Potential for molecular testing for group a streptococcus to improve diagnosis and management in a high-risk population

A prospective study

Anna P. Ralph, Deborah C. Holt, Sharifun Islam, Joshua Osowicki, David E. Carroll, Steven Y.C. Tong, Asha C. Bowen

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    Abstract

    Background: In high-burden settings, guidelines recommend antibiotic treatment for all suspected group A Streptococcus (GAS) infections to prevent rheumatic fever and poststreptococcal glomerulonephritis. Highly sensitive rapid GAS tests could reduce unnecessary antibiotic use in these settings.

    Methods: This was a prospective study of the Xpert Xpress Strep A (Cepheid) molecular test compared with culture of throat swab samples collected at a referral hospital in northern Australia. Demographic and clinical data and results of streptococcal serology and culture were collected.

    Results: Of 164 throat swab samples, 145 (88%) were eligible for inclusion; 49 (34%) were molecular test positive and 24 (17%) were culture positive for GAS. The sensitivity, specificity, and positive and negative predictive values for the molecular test versus culture were 100.0%, 79.3%, 48.8%, and 100.0%, respectively. Among 25 samples testing positive with the molecular test and negative with culture, group C or G streptococci were cultured in 2, and a plausible clinical explanation, such as pharyngotonsillitis, or rheumatic fever with positive results of streptococcal serology, was apparent in 19 instances. In 25 patients with rheumatic fever or poststreptococcal glomerulonephritis diagnoses, molecular testing nearly trebled the detection of GAS in throat swab samples, from 3 (12%) detected with culture to 8 (32%) detected with molecular testing. Reasons for "false-positive" molecular test results could include the presence of GAS below the threshold of culture detection or persistence of nonviable organisms after infection.

    Conclusion: Implementation of molecular testing could improve antibiotic use in this high-burden setting. The incremental yield in poststreptococcal syndromes, by which time cultures are negative, has high potential in the diagnostic workup of autoimmune poststreptococcal syndromes and warrants further investigation.

    Original languageEnglish
    Article numberofz097
    Pages (from-to)1-9
    Number of pages9
    JournalOpen Forum Infectious Diseases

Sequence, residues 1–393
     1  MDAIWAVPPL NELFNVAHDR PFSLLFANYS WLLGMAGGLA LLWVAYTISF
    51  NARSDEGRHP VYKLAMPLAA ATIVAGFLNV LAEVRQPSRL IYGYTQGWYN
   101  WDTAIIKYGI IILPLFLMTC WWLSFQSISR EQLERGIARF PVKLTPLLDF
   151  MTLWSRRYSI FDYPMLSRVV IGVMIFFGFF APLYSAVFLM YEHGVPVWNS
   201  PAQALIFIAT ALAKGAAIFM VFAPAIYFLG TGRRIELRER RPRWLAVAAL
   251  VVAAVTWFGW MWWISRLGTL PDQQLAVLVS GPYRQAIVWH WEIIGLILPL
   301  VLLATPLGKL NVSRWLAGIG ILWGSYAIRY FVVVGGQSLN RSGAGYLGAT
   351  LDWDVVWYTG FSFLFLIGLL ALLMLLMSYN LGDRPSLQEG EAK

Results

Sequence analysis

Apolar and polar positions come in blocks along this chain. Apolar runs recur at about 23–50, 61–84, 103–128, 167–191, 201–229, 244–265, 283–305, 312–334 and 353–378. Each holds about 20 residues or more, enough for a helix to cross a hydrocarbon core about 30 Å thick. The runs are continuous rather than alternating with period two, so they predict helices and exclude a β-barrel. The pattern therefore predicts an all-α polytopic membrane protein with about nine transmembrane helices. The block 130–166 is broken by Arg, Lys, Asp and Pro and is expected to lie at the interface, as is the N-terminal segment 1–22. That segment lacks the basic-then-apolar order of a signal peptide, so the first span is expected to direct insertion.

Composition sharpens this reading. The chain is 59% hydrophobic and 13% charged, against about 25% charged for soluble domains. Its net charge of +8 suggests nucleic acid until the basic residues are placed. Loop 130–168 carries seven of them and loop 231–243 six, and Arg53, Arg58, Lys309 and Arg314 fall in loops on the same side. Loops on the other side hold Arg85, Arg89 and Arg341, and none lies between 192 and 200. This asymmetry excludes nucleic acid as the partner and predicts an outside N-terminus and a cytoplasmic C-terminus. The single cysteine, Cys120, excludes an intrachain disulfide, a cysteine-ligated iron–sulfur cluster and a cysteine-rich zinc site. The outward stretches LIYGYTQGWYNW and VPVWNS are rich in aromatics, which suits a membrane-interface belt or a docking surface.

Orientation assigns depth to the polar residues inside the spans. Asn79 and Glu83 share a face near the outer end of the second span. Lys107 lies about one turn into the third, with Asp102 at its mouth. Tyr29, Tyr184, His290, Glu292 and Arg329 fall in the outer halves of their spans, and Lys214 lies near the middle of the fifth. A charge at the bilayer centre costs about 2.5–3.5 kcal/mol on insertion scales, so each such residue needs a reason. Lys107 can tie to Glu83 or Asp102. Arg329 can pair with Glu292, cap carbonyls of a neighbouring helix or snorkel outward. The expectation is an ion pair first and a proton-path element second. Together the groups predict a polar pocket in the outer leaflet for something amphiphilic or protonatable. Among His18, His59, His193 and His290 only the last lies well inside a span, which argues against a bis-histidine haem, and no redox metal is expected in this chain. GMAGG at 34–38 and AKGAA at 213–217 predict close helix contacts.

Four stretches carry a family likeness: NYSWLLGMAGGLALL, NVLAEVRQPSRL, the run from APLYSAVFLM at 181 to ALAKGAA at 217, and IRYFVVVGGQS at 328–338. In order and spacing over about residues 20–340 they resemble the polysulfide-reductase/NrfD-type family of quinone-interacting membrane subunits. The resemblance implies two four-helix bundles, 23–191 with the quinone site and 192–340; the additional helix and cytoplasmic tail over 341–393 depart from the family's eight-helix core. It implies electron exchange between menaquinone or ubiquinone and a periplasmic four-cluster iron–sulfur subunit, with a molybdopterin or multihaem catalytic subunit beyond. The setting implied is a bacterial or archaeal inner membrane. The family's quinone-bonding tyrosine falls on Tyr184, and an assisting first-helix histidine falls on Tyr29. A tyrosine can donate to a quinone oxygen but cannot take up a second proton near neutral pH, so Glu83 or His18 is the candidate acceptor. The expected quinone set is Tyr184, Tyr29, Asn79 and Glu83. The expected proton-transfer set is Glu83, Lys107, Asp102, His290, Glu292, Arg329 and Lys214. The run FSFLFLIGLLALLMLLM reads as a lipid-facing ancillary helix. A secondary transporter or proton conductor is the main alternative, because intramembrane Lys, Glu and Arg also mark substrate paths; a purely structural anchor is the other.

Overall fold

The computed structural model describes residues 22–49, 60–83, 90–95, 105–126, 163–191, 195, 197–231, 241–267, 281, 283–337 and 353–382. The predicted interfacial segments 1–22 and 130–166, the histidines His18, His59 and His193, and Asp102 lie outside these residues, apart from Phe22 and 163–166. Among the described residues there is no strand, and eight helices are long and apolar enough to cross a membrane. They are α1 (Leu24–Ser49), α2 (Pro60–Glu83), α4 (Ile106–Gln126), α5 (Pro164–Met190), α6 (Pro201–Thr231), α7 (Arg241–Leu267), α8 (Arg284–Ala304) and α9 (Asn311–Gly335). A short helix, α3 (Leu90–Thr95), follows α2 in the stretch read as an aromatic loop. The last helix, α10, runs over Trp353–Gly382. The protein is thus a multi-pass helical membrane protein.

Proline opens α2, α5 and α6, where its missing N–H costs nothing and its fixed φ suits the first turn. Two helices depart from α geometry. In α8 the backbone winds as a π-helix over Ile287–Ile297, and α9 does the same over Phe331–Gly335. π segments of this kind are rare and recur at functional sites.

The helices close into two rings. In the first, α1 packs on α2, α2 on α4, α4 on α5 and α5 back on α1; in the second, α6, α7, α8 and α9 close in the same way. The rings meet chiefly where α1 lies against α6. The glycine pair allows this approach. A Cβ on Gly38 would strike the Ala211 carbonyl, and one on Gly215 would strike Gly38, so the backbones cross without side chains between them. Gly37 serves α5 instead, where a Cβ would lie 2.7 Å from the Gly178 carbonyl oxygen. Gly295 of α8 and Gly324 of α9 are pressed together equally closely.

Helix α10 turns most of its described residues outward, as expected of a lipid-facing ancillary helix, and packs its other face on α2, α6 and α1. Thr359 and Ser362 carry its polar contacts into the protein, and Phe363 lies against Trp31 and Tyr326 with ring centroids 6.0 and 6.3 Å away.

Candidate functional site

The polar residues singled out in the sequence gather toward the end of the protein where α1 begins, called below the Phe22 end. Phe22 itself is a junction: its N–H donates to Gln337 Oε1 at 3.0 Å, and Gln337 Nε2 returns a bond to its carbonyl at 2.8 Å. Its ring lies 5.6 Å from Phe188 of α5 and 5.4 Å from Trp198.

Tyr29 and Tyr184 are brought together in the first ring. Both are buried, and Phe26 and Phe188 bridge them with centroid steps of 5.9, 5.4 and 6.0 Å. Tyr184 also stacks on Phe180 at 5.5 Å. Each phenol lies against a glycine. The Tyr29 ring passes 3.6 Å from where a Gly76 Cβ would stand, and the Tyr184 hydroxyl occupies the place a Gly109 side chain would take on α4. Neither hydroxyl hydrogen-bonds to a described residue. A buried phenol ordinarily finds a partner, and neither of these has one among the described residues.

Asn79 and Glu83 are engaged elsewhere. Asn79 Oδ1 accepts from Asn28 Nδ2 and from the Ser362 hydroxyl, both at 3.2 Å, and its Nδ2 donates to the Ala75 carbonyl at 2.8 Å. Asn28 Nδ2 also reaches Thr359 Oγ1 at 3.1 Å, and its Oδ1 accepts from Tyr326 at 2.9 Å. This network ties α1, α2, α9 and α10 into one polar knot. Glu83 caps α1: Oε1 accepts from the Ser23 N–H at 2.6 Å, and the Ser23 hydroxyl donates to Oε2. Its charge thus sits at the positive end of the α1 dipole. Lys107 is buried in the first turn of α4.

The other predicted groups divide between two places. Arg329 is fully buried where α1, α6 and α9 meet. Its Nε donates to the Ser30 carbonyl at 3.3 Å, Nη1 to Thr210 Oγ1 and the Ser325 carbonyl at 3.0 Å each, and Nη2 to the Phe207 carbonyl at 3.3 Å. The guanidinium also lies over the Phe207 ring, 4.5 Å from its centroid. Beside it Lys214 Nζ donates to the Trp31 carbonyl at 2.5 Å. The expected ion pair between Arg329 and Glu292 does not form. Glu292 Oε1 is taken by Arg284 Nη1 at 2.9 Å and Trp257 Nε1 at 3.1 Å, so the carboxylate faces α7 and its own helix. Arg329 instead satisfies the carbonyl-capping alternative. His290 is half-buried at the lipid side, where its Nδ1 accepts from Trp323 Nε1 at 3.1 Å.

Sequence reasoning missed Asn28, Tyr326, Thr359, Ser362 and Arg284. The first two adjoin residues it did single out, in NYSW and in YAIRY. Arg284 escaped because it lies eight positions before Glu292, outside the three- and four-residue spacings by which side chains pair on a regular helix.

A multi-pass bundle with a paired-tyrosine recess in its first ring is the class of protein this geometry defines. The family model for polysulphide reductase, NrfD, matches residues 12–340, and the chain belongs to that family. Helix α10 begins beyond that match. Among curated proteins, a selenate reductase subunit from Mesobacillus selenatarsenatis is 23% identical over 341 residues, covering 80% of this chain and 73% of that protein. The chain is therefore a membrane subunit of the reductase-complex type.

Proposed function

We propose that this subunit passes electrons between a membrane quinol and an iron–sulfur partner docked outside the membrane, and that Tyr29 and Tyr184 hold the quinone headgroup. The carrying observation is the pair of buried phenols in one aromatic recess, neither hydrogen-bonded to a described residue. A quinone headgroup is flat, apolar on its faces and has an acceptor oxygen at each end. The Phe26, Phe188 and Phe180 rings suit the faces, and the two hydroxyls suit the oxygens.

Volume6
    Issue number4
    DOIs
    Publication statusPublished - 1 Apr 2019

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    Streptococcus
    Prospective Studies
    Rheumatic Fever
    Pharynx
    Population
    Serology
    Glomerulonephritis
    Anti-Bacterial Agents
    Predictive Value of Tests
    Infection
    Referral and Consultation
    Demography
    Guidelines
    Sensitivity and Specificity

    Cite this

    @article{a3b13ba8f2eb4419ab15c509f819b19a,
    title = "Potential for molecular testing for group a streptococcus to improve diagnosis and management in a high-risk population: A prospective study",
    abstract = "Background: In high-burden settings, guidelines recommend antibiotic treatment for all suspected group A Streptococcus (GAS) infections to prevent rheumatic fever and poststreptococcal glomerulonephritis. Highly sensitive rapid GAS tests could reduce unnecessary antibiotic use in these settings. Methods: This was a prospective study of the Xpert Xpress Strep A (Cepheid) molecular test compared with culture of throat swab samples collected at a referral hospital in northern Australia. Demographic and clinical data and results of streptococcal serology and culture were collected. Results: Of 164 throat swab samples, 145 (88{\%}) were eligible for inclusion; 49 (34{\%}) were molecular test positive and 24 (17{\%}) were culture positive for GAS. The sensitivity, specificity, and positive and negative predictive values for the molecular test versus culture were 100.0{\%}, 79.3{\%}, 48.8{\%}, and 100.0{\%}, respectively. Among 25 samples testing positive with the molecular test and negative with culture, group C or G streptococci were cultured in 2, and a plausible clinical explanation, such as pharyngotonsillitis, or rheumatic fever with positive results of streptococcal serology, was apparent in 19 instances. In 25 patients with rheumatic fever or poststreptococcal glomerulonephritis diagnoses, molecular testing nearly trebled the detection of GAS in throat swab samples, from 3 (12{\%}) detected with culture to 8 (32{\%}) detected with molecular testing. Reasons for {"}false-positive{"} molecular test results could include the presence of GAS below the threshold of culture detection or persistence of nonviable organisms after infection. Conclusion: Implementation of molecular testing could improve antibiotic use in this high-burden setting. The incremental yield in poststreptococcal syndromes, by which time cultures are negative, has high potential in the diagnostic workup of autoimmune poststreptococcal syndromes and warrants further investigation.",
    keywords = "Group A Streptococcus, molecular test, pharyngotonsillitis, point-of-care test, rheumatic fever",